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Hazy Production Clouding Potential Greatness - 79%

Ergonal, August 9th, 2018

Turis Fratyr may be touted as being Equilibrium’s greatest achievement, an undiluted injection of folk metal mastery, but if observed outside of the context of nostalgia, the supposed mastery of this album comes with its fair share of flaws. What determines the quality of this album is a hodge-podge of various attributes, and while some of them are on point, other fall flat on their face. The songwriting and the atmosphere are two of Turis Fratyr’s unmatched aspects, but the execution and instrumentation leave very much to be desired. That is not to say that it is irredeemable, however; otherwise the rating would not have been as high as it is.

In terms of the actual songwriting, I don’t think it’s controversial to say that some of Equilibrium’s greatest ideas were showcased with this release. I used to think that the album was but a lazy attempt to extend the fantastic ideas from their 2003 demo into a full length album, but in retrospect some of the album’s best moments were from entirely new songs, like “Wingthor’s Hammer” and “Widars Hallen”, and even some of “Tote Heldensagen” provided new and interesting sounds. It’s an appropriate balance between their earliest material and a few masterworks developed in the few years in between. The melodies are extremely catchy and they would stick in the listener’s head longer than they do if it weren’t for the fact that almost every song is memorable in its own right. One might be still humming “Wingthor’s Hammer” to themselves when suddenly the unforgettable tune of “Under Der Eiche” hits like a ton of bricks as soon as the main riff opens up. In fact, “Under Der Eiche” and “Nordheim” have melodies so intensely memorable that one could swear that they’ve heard it elsewhere before. It’s totally original and totally timeless, and so are the main themes and tropes of most of the songs on this album. There is especial grit and ferociousness to “Widars Hallen”, though, if only for the in-your-face sound it conveys, forcing not only the listener’s attention but their astonishment. The themes that counter the main themes, too, have a near and dear place in one’s ear, which act as a kind of response to the ferocity of the main themes with a healthy dose of sanity, grounding the album in some classic melodic death metal riffs. I think of this primarily in “Die Prophezeiung” and “Nordheim”.

There is an icy chill to the feel of Turis Fratyr, which bridges the gap between the songwriting itself and the instrumentation. The use of the woodwind instruments, one would think, would bring almost a sort of musical “humidity” to the album. However, with the use of the pan flute in “Nordheim” and the higher-pitched flutes in some of the original additions to the album, paired with the synthesizer influence all throughout, the mood presented is colder and far less accommodating. Turis Fratyr in that sense bears an acquired taste, but it is the elements of this acquired taste where the positives of the instrumentation come to an end.

The guitar tone is bland. Nowhere is this more evident than on “Der Sturm”, easily the worst song on the album, but without the atmospheric flavoring scattered throughout the rest of this release, it would not be nearly as delicious of an album. Furthermore, even when the atmosphere is quite good, the instrumentation which made the songs so enjoyable initially is forgone as each song progresses, and I can never understand why. The main melodies of the choruses and the synthetic partners to the bland riffs seem to have been left by the wayside in the last few minutes of “Wingthor’s Hammer”, “Widars Hallen”, “Nordheim”, and “Tote Heldensagen”. Sure, there is a time for subtlety, but that time is not whenever you’re trying to end your song with a big shebang. Like I mentioned before, it just causes it to fall flat. Take for example, the ¾ time theme halfway through “Tote Heldensagen”: it appears in brevity in the background, and as the song builds to what is expected to be a massive release of this trope, it holds itself in, almost as if it doesn’t realize how good of songwriting it actually is. That is how the shortcomings of Turis Fratyr can be summarized: it is too timid to just let loose and let the high-quality songwriting govern its instrumentation.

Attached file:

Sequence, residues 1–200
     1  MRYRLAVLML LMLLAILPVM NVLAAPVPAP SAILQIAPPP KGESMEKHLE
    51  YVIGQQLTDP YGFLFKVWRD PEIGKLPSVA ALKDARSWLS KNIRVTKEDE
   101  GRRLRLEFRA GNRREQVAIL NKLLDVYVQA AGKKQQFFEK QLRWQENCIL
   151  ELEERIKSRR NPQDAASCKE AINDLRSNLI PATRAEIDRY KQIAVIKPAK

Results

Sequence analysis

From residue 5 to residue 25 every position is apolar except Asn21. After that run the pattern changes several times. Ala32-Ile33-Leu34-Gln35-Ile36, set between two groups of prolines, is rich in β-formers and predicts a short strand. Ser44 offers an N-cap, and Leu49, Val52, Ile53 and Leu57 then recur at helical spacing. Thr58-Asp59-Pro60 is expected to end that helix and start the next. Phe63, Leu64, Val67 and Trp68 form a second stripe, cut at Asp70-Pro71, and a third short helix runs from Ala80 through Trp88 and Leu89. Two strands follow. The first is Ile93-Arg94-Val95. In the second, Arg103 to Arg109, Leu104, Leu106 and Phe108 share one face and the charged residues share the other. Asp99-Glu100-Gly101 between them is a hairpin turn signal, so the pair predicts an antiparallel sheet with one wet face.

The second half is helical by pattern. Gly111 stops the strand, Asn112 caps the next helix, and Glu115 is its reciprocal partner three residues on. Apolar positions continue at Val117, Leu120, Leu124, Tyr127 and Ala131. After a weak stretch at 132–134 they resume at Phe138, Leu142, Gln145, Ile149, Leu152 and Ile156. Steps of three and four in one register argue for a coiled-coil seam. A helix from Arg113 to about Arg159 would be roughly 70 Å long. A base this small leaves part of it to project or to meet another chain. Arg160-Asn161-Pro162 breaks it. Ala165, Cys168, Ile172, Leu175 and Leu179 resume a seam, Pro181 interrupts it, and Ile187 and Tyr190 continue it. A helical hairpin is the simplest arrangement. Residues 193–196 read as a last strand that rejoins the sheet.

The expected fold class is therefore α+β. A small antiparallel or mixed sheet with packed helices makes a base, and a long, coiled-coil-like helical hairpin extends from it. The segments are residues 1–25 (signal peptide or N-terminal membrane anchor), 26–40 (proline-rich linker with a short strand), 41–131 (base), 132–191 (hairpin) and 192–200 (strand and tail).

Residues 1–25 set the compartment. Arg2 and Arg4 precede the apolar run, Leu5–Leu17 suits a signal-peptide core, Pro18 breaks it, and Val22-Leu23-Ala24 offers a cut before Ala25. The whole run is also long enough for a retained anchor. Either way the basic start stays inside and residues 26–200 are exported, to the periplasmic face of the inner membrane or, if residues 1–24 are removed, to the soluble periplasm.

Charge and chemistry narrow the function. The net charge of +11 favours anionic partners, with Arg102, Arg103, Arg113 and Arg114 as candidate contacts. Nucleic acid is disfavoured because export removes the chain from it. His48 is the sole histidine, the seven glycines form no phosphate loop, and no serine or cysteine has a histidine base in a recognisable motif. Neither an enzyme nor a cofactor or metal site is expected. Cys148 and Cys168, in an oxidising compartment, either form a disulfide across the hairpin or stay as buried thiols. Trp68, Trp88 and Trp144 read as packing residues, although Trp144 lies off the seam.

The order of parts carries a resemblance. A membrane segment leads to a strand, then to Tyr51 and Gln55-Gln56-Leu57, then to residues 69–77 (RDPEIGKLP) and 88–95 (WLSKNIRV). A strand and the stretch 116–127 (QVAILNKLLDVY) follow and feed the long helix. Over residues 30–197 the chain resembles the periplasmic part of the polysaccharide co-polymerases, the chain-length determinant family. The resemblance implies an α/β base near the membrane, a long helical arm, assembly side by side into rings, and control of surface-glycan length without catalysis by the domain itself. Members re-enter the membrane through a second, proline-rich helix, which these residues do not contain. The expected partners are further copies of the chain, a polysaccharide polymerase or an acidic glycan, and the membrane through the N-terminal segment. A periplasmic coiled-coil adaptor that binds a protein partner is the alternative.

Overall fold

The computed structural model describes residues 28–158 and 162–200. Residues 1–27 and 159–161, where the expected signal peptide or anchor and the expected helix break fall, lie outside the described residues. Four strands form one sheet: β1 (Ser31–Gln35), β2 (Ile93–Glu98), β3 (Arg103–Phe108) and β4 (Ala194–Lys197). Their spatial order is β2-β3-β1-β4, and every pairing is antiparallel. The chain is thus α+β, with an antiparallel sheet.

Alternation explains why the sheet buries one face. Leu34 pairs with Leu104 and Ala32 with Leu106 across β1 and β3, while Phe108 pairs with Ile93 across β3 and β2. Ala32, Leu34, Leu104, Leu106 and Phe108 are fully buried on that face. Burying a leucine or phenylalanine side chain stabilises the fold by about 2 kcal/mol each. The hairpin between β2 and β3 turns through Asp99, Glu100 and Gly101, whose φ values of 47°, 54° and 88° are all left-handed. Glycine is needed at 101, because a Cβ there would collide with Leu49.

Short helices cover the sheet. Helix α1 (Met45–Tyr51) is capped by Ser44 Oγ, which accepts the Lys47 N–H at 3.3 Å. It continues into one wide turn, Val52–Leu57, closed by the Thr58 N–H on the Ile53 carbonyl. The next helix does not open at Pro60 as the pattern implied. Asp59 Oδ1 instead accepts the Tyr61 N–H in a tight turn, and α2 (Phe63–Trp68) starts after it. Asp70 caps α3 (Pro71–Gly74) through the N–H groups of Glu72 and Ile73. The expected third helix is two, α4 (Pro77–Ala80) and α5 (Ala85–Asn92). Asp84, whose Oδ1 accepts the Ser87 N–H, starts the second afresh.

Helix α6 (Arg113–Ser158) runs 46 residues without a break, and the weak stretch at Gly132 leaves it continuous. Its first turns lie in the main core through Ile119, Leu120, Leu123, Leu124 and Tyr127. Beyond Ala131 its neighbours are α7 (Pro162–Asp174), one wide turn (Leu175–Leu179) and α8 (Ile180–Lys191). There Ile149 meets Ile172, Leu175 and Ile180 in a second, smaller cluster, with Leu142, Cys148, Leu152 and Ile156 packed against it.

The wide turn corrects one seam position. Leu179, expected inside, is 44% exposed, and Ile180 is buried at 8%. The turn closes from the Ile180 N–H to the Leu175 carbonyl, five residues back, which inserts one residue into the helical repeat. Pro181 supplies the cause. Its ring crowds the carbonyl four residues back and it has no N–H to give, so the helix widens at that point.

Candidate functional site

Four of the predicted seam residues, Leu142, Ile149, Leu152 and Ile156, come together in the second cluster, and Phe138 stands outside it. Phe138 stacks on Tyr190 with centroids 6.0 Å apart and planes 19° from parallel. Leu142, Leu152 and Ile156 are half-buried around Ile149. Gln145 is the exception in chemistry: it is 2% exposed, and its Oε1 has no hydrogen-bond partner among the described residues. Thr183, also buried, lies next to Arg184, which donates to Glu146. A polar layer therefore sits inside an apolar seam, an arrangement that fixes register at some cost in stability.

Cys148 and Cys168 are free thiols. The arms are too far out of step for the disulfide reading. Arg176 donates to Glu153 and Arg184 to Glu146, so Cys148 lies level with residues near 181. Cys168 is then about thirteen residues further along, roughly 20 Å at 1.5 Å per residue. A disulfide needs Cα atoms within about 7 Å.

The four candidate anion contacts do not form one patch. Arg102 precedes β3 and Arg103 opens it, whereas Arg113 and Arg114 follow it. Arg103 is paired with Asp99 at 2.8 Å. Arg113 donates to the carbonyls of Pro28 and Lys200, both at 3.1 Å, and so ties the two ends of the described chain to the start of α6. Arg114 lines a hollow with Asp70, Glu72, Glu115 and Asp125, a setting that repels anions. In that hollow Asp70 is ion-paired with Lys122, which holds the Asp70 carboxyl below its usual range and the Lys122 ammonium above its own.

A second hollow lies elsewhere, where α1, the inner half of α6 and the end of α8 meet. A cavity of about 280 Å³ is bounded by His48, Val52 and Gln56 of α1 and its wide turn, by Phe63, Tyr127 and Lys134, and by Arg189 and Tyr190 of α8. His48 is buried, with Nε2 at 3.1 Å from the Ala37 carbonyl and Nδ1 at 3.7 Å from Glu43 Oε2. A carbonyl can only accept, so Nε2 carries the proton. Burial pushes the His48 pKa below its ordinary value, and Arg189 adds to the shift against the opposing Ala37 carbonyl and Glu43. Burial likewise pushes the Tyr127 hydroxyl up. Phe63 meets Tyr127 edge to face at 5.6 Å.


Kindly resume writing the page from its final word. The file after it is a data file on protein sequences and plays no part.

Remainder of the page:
The instrumental songs are cute, but also kind of useless, seemingly only in place to create the guise of the album’s longevity. There are twelve songs on the album, but in actuality there are only eight if the instrumentals are excluded. Those eights songs are quite solid, overall, but I see no need to dilute the whole album with four tracks that don’t really add a whole lot of meatiness to the album itself. Keep “Im Fackelschein”, and if absolutely necessary “Wald Der Freiheit”, but “Heimdalls Ruf” and “Turis Fratyr” just need to go.

Turis Fratyr is not a bad album. In fact, it’s a quite good album. The biggest problem is that it doesn’t realize that it could be phenomenal. In fact, the inadequate execution and poor mixing seems much like a shameful cover-up of feigned quality, blocking the way to the best part: the songwriting itself.